IMBB 17: GreenTea Biscotti

It’s that time of month again: Is My Blog Burning, in which bloggers around the world cook around a common theme. This time, Clement of A la Cuisine! has chosen tea as the themed ingredient.

I developed this recipe for Mariko of Super Eggplant, who loves green tea. You see, I sent her a care package for Blogging by Mail. Two events collide in one day!

I took a trusty chocolate chip biscotti recipe from Chocolate and the Art of Low-Fat Desserts, added green tea leaves, and swapped the semisweet chocolate with white chocolate, since green tea has a delicate flavor. Going with the white theme, I also substituted mild almonds for the walnuts.

Be sure to use white chocolate that lists cocoa butter as the main ingredient. In cheap brands, partially hydrogenated oil poses as white chocolate. And you wonder why most people don’t like white chocolate! Would you substitute brown-colored vegetable shortening for dark chocolate? I don’t think so. Use the real stuff!

These low-fat biscotti become wonderfully fragrant a day after baking. They are delightfully crunchy but not jaw-breakingly hard, if you don’t overbake them.

Green Tea Biscotti
Adapted from Alice Medrich’s Chocolate and the Art of Low-Fat Desserts
Makes about 4 dozen cookies

2 cups sifted all-purpose flour
1/2 tsp baking soda
1/4 tsp salt
1 Tbsp pulverized green tea leaves, from about 3 tea bags
2 eggs
3/4 cups sugar
1 tsp vanilla extract
2 Tbsp brewed green tea
1/2 cup chopped toasted almonds (optional)
2/3 cup white chocolate chips

  1. Preheat the oven to 300 degrees F. Line the baking sheet with greased foil.
  2. Place the flour, baking soda, salt, and tea leaves in a small bowl. Stir with a whisk to combine. Set aside.
  3. In a medium bowl, beat the eggs with the sugar, vanilla, and brewed tea until well combined. Beat in the flour just until combined. Stir in the nuts and white chocolate chips. The mixture will be thick and sticky.
  4. Use a large spoon to scoop the batter onto the baking sheet, dividing it evenly into 3 long, skinny, rope-shape loaves, each one foot long, or 2 loaves 16 to 17 inches long, depending on your baking sheet. The loaves must be 2 1/2 inches apart. You’ll get slightly messy. Use the back of the spoon or a spatula to even up the “loaves” and neaten the edges. Bake for 35 minutes. Remove from oven and cool for 10 minutes on the pan. Leave the oven turned on.
  5. Carefully peel the loaves from the foil and transfer them to a cutting board. Use a sharp serrated knife to slice the loaves diagonally into 1/2-inch slices. Arrange the slices directly on the oven racks. Bake for 20 to 25 minutes, or until the cookies are crisp and dry. Or arrange the cookies on 2 baking sheets. Bake for 12 minutes, rotating the sheets from top to bottom and back to front about halfway through the baking time. Turn cookies over and bake for 12 to 15 minutes, rotating sheets as before.
  6. Cool biscotti completely before storing. They become more tender about 2 or 3 days stored in an airtight container. They keep for several weeks.

This is a developing recipe, and the tea flavor, although present, is not as strong as I would like. Any ideas for improvement? I can’t add more brewed tea, or else the dough will be too sticky. There’s only so much you can do to concentrate the tea: you can’t brew three bags in 2 tablespoons of water.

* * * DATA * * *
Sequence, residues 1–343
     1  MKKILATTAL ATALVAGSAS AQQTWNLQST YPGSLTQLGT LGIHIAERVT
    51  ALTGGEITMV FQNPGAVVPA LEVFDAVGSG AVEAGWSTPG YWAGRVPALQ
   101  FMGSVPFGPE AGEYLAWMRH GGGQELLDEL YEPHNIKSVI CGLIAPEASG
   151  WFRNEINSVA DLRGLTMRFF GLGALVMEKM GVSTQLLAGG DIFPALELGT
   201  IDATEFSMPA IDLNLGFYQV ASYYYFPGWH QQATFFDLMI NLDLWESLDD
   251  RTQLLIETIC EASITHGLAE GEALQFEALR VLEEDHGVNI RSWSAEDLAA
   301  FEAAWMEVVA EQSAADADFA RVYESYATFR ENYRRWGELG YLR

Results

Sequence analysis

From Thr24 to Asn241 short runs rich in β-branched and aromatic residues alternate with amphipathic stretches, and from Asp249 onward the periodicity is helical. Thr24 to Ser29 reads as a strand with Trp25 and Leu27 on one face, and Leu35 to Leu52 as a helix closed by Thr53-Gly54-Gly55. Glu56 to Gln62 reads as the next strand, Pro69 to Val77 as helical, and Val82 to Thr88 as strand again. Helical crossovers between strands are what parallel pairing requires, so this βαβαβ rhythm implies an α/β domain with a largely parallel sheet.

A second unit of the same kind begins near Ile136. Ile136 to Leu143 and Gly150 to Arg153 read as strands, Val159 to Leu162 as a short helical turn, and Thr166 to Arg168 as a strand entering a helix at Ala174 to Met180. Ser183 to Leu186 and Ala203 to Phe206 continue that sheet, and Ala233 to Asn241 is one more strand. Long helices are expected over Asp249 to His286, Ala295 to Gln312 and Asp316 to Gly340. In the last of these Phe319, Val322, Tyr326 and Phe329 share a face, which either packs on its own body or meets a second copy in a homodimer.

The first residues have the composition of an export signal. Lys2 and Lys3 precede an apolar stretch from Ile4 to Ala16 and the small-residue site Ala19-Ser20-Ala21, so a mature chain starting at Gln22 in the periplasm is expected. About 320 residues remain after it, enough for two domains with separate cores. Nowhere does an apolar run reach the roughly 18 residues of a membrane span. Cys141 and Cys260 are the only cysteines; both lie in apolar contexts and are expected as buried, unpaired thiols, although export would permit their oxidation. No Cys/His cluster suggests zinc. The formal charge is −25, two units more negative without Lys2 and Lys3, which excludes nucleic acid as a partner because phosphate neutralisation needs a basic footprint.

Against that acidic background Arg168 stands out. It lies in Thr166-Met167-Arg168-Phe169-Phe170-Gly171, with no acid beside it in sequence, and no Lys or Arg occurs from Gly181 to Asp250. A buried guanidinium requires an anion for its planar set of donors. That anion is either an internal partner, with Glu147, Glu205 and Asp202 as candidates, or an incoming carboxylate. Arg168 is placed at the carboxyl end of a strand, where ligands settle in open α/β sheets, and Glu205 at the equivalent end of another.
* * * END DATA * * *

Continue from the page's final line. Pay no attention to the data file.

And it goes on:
Using matcha (green tea powder) rather than leaves may concentrate the flavor. From what I’ve researched, 1/2 Tbsp matcha = 1 Tbsp tea leaves.

Comments (9)      Email Email      Print Print


  1. boo_licious said,

    Jessica, I find cooking my savoury stuff with green tea was subtle too as the tea is not that strong a flavor. Not sure about matcha as I have not used it but I suspect it will be stronger.

    August 2, 2005 at 5:53 am

  2. Saffron said,

    Would be great to served crumbled on top of matcha ice cream!

    August 4, 2005 at 8:31 pm

  3. Lori said,

    Wow, green tea is popping up everywhere — in drinks, in cakes, and now in biscotti. But of course, it does seem only natural. These look really nice.

    August 11, 2005 at 5:07 am

  4. Randi said,

    hi, i posted the recipe in one of my first few entries titled swiss chard goat cheese tart. You can see a picture and the recipe there.

    August 13, 2005 at 4:29 pm

  5. Kamrin said,

    Can’t really tell you about good eats but yeah! I certainly love green tea.

    January 9, 2006 at 5:05 am

  6. Juls said,

    I suggest maybe a more intense tea? Perhaps a semi-fermented Oolong might do it? These biscotti sound wonderful!

    June 6, 2006 at 2:13 pm

  7. Jill said,

    Using matcha as opposed to green tea from tea bags will definitely give it a stronger flavour. I’m not sure how much you’d use in this recipe in particular, but for making an 8 oz. cup of matcha, you usually use about 1 tsp of the powder- so I wouldn’t go above 1-2 teaspoons to start with, as matcha, if you’ve never had it before, is a bit different from regular green tea. I’ve used both green tea leaves from tea bags as and matcha itself in baking before, and the matcha definitely lends a better flavour, as well as a prettier colour 🙂 I suggest trying cheesecake with it- delicious!

    August 18, 2006 at 7:55 am

  8. aron said,

    try replacing the white chocolate in the recipe with a green tea infused chocolate bar.
    also use a drop of tea oil to balance the vanilla as it seems to over power the tea flavor in it.

    let me know how it turns out.

    did you forget to write oil/butter in the recipe or does it really not need any?

    October 21, 2009 at 11:54 am

  9. Jessica "Su Good Sweets" said,

    Aron, thanks for the suggestions. The biscotti really doesn’t need oil. I can’t go back to the ones that call for a stick of butter anymore when I already have a solid recipe.

    October 21, 2009 at 9:15 pm